The following year, Catlin was given a commission by the government to come and paint the recently captured Seminole chief Osceola and others at a prison in South Carolina. Shortly after the portrait was made, the chief succumbed to a combination of malaria and acute tonsillitis (he refused Western medical treatment). He kept the paintings partly because he knew he could get more money for funding the Gallery (monetary problems plagued him the rest of his life) and partly because it might get more recognition of the mistreatment of the Indians by the government. While a sale didn't come out of it, Congree did consider an offer to purchase his entire collection. Since no official offer was made, Catlin decided he had to take the Gallery and move on.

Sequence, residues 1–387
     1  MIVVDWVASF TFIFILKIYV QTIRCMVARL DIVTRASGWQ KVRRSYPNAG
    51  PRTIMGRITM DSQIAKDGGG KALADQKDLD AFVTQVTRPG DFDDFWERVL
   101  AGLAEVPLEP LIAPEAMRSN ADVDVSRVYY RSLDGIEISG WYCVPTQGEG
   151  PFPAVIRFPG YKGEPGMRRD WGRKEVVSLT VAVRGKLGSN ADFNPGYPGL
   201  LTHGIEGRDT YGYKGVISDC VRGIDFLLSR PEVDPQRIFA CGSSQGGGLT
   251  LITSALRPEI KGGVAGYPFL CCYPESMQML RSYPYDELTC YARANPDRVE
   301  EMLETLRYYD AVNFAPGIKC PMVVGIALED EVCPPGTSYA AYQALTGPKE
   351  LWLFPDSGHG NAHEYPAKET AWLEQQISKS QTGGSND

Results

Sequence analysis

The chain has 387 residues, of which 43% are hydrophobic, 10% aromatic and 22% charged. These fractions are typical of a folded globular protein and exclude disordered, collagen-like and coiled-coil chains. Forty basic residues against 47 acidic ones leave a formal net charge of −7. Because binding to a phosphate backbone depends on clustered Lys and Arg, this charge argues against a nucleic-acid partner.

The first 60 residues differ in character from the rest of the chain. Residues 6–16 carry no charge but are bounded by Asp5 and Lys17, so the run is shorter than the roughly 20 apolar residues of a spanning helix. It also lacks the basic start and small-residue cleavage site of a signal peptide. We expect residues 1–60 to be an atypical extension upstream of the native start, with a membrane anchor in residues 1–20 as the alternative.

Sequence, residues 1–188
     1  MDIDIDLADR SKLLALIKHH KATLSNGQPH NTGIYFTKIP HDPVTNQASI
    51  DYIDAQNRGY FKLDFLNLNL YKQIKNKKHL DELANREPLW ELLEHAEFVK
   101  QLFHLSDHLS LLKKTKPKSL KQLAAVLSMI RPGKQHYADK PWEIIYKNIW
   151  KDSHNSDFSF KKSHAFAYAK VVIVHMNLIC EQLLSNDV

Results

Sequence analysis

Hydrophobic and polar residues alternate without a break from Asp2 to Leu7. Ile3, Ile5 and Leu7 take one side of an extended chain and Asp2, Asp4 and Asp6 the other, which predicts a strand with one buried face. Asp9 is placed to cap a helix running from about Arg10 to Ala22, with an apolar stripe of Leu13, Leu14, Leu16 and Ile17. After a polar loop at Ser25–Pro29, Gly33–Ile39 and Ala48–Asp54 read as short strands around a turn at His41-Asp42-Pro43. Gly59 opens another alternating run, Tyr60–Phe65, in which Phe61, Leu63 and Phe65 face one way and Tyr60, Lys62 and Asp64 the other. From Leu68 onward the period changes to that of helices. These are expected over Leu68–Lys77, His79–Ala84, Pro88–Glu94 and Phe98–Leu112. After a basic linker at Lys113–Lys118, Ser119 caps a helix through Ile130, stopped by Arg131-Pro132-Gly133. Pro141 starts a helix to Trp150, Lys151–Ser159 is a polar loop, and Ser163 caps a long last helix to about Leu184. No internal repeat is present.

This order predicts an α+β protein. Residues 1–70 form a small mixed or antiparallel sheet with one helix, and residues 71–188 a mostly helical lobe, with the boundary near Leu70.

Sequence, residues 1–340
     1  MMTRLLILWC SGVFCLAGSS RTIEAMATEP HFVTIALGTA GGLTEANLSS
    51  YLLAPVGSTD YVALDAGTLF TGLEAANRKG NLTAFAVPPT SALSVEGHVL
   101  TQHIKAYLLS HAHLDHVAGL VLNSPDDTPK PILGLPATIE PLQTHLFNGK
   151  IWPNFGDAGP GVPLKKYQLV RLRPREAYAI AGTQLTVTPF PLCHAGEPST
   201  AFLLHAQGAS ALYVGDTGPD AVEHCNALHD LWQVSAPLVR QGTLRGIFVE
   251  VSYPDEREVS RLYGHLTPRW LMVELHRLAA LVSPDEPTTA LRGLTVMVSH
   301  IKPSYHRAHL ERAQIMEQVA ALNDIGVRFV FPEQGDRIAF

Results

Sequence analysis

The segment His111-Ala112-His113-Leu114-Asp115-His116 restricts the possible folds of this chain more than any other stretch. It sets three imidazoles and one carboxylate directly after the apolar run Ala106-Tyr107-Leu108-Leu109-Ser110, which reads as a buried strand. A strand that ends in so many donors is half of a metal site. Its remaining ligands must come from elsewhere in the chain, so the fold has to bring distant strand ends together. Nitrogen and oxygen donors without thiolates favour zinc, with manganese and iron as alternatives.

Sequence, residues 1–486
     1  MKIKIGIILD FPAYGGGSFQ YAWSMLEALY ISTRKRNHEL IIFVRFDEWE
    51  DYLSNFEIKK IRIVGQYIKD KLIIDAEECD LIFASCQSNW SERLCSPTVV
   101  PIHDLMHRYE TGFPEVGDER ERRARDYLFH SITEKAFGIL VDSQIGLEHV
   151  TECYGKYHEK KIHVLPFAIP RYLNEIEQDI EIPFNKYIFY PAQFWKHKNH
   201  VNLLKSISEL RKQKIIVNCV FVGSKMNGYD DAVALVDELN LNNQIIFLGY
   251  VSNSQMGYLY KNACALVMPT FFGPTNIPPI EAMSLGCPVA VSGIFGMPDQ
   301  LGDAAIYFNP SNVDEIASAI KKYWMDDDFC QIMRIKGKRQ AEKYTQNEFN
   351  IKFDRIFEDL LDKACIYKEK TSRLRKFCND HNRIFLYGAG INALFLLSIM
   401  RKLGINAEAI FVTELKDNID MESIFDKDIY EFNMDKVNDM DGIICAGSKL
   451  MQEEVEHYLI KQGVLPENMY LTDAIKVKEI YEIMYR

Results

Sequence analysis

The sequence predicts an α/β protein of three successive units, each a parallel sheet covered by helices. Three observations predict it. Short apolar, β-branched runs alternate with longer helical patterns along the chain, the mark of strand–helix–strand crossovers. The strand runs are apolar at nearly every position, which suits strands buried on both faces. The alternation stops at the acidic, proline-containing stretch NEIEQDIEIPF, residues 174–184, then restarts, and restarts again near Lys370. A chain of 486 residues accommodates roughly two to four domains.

The Gallery was taken to England where it was displayed for nearly five years at different cities (later in 1845, it spent almost a year in Paris). For a while he hired actual Ojibwa Indians—later employing a group of Iowa Indians, as well—to participate in the show. Unfortunately for Catlin, the popularity of the Gallery could not offset his money problems (some of which were incurred from his "collecting" of cultural artifacts). Even royal commissions for, first, fifteen replicas of his work and, second, for a series celebrating the exploration of the New World by RenĂ©-Robert Cavalier, Sieur de La Salle (the latter delivered only days before the king was ousted from power). Catlin was never paid for the second series. He also lost his wife during this period.